Overlayed transfer functions for back-to-back inverters

There are three intersections of the plots: one at (0, Vs), one at (Vs, 0), and one at (Vs/2, Vs/2). The (Vs/2, Vs/2) state is metastable. After a small perturbation of either node, the circuit will almost always settle to one of the stable states rather than returning to (Vs/2, Vs/2).

The way to write a value to the dual-inverter storage element is to force one of the nodes to the desired value using a driver that is stronger than the inverters. One common way to do this is with a pass transistor:

Cross-coupled inverters with pass transistor

If you connect the gate of the pass transistor to the clock, you have a D latch (I'm leaving out the output structure). When the clock is high, enabling the pass transistor, the latch is transparent — input passes directly to output. When the clock is low, the latch holds the previous value. Metastability arises at the moment the latch samples. If the input is a stable high or low voltage when the latch samples, then it will work properly. However, if the input is around the Vs/2 point when the latch samples, there's a possibility the latch will end up in the metastable (Vs/2, Vs/2) state. Once it's in the metastable state, it can stay there indefinitely (assuming the latch isn't clocked again), but since it's an unstable equilibrium, something usually happens relatively quickly to knock it out of the metastable state.

When to worry about metastability

If your storage elements are going metastable, then you're at the very least losing some of the timing budget for the downstream logic. The logic can't perform the desired evaluation until the metastable state resolves. In the worst case, the metastable state persists or propagates through logic, and downstream storage elements also go metastable, or multiple related storage elements capture inconsistent values.

Properly designed and functioning synchronous logic doesn't have problems with metastability. The clock period is longer than the evaluation time for the logic, all the flip-flop inputs are stable at the next clock edge (setup requirement satisfied), and they all load a valid value.

Some of the common situations where metastability is a concern are:

  • Logic sampling an external input, for example, a switch on the front panel, or the output of monitor circuits that may transition at any time (undervoltage, overtemp).
  • Logic using multiple clocks that don't have a synchronous relationship. This often arises with I/O interfaces that have particular clock requirements, but also occurs internally when different parts of a chip have different performance requirements. For example, not all of the logic in your 3 GHz CPU is actually running at 3 GHz. (A CPU is not a great example, though, since many of the clocks in a CPU are synchronous multiples of each other.)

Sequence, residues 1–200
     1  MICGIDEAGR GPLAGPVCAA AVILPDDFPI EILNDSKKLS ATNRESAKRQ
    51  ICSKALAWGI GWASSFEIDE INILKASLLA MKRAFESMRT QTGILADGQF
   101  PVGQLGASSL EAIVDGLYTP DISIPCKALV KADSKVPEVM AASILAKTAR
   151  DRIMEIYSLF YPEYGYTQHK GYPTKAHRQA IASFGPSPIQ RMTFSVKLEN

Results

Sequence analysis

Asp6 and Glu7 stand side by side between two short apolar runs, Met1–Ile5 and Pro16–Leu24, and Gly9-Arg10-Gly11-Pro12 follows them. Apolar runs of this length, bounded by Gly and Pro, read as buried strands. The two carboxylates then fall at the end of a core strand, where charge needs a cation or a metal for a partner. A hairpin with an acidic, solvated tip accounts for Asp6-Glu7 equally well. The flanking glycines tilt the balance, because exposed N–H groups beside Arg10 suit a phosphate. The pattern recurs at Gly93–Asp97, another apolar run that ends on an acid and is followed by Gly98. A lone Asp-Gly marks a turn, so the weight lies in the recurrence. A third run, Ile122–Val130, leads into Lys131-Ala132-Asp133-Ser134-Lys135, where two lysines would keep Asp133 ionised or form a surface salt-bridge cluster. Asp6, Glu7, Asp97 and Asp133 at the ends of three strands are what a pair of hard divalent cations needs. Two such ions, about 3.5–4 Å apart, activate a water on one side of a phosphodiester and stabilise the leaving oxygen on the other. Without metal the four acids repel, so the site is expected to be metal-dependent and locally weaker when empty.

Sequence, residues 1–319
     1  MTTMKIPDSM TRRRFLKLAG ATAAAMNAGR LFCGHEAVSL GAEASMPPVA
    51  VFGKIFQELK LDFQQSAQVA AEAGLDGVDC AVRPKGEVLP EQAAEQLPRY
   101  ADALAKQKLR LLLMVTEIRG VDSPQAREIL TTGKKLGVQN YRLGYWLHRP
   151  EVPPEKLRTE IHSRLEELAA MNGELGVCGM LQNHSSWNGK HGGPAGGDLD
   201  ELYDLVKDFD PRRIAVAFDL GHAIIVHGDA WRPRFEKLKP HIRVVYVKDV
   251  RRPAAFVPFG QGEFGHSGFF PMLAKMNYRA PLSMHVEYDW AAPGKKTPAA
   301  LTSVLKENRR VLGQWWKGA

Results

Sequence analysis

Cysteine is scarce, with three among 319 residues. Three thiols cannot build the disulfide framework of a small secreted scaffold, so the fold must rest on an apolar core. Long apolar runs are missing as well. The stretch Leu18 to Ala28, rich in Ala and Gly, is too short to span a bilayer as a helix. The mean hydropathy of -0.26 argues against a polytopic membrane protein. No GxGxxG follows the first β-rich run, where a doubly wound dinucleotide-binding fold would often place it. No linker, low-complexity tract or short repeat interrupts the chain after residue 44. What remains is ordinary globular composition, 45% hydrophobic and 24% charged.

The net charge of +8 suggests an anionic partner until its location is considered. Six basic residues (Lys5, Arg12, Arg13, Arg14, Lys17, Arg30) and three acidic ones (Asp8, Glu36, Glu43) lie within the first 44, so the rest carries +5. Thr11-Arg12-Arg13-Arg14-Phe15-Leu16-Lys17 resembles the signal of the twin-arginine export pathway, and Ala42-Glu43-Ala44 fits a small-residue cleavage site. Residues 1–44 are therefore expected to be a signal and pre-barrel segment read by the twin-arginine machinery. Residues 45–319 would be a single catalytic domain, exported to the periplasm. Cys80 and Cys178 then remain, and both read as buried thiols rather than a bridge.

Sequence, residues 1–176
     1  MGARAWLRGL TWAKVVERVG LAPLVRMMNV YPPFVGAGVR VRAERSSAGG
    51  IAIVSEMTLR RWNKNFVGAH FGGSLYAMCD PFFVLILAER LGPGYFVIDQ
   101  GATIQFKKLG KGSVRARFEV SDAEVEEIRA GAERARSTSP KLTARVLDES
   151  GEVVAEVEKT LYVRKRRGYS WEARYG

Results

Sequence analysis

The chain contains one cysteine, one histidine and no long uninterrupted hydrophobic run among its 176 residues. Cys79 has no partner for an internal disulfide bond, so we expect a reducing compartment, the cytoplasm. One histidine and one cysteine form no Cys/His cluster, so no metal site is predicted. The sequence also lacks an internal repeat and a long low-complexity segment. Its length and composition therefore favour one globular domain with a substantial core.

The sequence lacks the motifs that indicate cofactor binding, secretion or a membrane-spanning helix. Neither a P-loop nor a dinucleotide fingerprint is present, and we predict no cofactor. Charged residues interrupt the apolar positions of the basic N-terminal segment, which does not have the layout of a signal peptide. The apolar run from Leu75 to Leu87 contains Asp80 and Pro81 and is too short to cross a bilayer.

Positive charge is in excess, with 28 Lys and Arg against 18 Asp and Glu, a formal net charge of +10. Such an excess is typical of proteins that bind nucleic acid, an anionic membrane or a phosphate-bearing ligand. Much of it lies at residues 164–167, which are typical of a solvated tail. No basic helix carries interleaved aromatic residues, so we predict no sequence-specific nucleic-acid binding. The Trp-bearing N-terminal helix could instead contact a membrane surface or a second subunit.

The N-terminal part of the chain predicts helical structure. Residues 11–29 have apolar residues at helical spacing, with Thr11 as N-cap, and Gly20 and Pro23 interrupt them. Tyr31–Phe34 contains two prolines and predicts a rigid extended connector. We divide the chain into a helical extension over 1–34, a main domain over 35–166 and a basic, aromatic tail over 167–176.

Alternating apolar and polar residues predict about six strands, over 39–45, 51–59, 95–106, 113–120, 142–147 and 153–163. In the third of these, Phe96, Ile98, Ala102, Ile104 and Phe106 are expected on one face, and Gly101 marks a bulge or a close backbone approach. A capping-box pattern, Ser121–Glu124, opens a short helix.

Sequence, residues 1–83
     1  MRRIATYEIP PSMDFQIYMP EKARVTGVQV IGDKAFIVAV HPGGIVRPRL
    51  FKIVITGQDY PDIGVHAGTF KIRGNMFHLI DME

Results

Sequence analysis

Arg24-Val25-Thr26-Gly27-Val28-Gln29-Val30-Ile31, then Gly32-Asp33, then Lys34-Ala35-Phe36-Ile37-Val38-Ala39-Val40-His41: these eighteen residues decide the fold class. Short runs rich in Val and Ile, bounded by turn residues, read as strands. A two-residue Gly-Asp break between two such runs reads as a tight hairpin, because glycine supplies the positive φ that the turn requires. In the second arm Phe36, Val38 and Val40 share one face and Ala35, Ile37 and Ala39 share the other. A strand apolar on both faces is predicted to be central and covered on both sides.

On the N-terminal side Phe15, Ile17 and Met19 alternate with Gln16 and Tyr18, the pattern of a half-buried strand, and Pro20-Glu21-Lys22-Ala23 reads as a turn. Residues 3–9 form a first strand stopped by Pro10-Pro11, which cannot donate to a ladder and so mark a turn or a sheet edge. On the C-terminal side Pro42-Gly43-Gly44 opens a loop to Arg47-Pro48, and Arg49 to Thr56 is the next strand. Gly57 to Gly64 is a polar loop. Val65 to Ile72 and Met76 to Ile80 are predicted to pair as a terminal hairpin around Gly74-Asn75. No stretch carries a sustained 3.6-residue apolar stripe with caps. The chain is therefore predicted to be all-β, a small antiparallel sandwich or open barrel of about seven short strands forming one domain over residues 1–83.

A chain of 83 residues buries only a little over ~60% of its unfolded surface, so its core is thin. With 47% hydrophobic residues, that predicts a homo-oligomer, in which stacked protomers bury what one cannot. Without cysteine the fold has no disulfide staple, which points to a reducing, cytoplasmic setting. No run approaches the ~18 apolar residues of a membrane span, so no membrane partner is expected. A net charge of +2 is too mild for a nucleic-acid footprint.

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  • \$\begingroup\$ Mostly nice answer, but another thing to mention is that because of propagation delays, there's no single metastable state but rather a whole family of them, and there's no certain way to identify metastable states. One may design a circuit with a three-state output (high/low/metastable), and arrange things so that "high" will never be reported if the output may end up going low, or vice versa, but there's no guarantee the output won't bounce between 'high' and 'metastable' (ending up 'high'), or between 'low' and 'metastable' (ending up 'low'). \$\endgroup\$
    – supercat
    May 31, 2011 at 16:31
  • \$\begingroup\$ +1 This is good stuff but it makes more sense after reading @David Kessner's answer. +2 For the graphics. \$\endgroup\$
    – Rusty
    Jun 1, 2011 at 0:38
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A metastable signal is one which may arbitrarily appear to be high or low in any arbitrary pattern for some arbitrary length of time. If the signal feeds multiple gates directly or indirectly it's possible that some of those gates will "see" it high while others see it low. Nasty stuff.

For systems with a single clock, metastable signals can often be dealt with by passing through two latches. A trickier issue comes when gating clocks. There are a lot of circuits (especially using RS latches) which would work wonderfully if metastability weren't possible, but which can, if metastability occurs, end up generating runt clock pulses (which in turn can cause downstream metastability).

Incidentally, another important point to make regarding metastability: a latch's propagation time indicates when, if sample and hold times are met, the output will be stable at its new value. If setup and hold times are not met, there is no guarantee as to if or when the output will or will not switch, until such time as the latch receives a valid clocking event. Even if the output 'seems' to switch cleanly, there's no guarantee it won't spontaneously switch back.